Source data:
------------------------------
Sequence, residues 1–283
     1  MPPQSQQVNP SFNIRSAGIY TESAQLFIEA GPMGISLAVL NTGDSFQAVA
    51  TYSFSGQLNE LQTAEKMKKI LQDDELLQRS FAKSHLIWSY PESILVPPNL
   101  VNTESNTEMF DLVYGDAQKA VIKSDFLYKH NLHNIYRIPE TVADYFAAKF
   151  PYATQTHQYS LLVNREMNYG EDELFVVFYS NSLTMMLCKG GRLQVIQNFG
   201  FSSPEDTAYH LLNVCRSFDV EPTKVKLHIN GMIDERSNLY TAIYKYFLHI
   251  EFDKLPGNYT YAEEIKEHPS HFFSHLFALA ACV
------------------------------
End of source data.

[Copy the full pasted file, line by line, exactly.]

Sequence, residues 1–283
     1  MPPQSQQVNP SFNIRSAGIY TESAQLFIEA GPMGISLAVL NTGDSFQAVA
    51  TYSFSGQLNE LQTAEKMKKI LQDDELLQRS FAKSHLIWSY PESILVPPNL
   101  VNTESNTEMF DLVYGDAQKA VIKSDFLYKH NLHNIYRIPE TVADYFAAKF
   151  PYATQTHQYS LLVNREMNYG EDELFVVFYS NSLTMMLCKG GRLQVIQNFG
   201  FSSPEDTAYH LLNVCRSFDV EPTKVKLHIN GMIDERSNLY TAIYKYFLHI
   251  EFDKLPGNYT YAEEIKEHPS HFFSHLFALA ACV